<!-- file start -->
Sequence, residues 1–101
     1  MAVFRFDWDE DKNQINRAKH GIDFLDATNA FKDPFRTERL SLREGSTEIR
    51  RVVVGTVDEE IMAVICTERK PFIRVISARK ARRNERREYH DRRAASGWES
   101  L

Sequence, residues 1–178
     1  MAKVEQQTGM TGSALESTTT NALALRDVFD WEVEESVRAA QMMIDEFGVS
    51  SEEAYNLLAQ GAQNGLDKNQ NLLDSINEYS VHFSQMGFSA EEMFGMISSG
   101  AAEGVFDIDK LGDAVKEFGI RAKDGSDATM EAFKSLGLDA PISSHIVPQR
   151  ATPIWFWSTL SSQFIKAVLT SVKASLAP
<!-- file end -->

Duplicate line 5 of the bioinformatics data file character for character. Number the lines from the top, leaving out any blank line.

Sequence, residues 1–178